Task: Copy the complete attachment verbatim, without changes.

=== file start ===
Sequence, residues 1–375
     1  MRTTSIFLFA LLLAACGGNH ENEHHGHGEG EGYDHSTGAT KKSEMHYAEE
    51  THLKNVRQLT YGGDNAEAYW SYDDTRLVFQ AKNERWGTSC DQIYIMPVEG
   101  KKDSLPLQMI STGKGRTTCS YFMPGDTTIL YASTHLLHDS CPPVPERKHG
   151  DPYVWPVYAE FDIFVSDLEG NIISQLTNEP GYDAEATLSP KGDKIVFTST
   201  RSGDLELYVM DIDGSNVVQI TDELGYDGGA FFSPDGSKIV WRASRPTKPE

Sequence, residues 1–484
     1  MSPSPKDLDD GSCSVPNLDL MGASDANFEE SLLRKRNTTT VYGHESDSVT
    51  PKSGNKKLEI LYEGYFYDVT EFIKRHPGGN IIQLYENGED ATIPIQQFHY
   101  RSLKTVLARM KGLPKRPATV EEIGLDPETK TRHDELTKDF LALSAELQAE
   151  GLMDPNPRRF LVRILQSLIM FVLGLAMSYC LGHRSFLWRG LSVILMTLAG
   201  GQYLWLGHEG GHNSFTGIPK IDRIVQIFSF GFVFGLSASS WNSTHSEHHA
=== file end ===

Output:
Sequence, residues 1–375
     1  MRTTSIFLFA LLLAACGGNH ENEHHGHGEG EGYDHSTGAT KKSEMHYAEE
    51  THLKNVRQLT YGGDNAEAYW SYDDTRLVFQ AKNERWGTSC DQIYIMPVEG
   101  KKDSLPLQMI STGKGRTTCS YFMPGDTTIL YASTHLLHDS CPPVPERKHG
   151  DPYVWPVYAE FDIFVSDLEG NIISQLTNEP GYDAEATLSP KGDKIVFTST
   201  RSGDLELYVM DIDGSNVVQI TDELGYDGGA FFSPDGSKIV WRASRPTKPE

Sequence, residues 1–484
     1  MSPSPKDLDD GSCSVPNLDL MGASDANFEE SLLRKRNTTT VYGHESDSVT
    51  PKSGNKKLEI LYEGYFYDVT EFIKRHPGGN IIQLYENGED ATIPIQQFHY
   101  RSLKTVLARM KGLPKRPATV EEIGLDPETK TRHDELTKDF LALSAELQAE
   151  GLMDPNPRRF LVRILQSLIM FVLGLAMSYC LGHRSFLWRG LSVILMTLAG
   201  GQYLWLGHEG GHNSFTGIPK IDRIVQIFSF GFVFGLSASS WNSTHSEHHA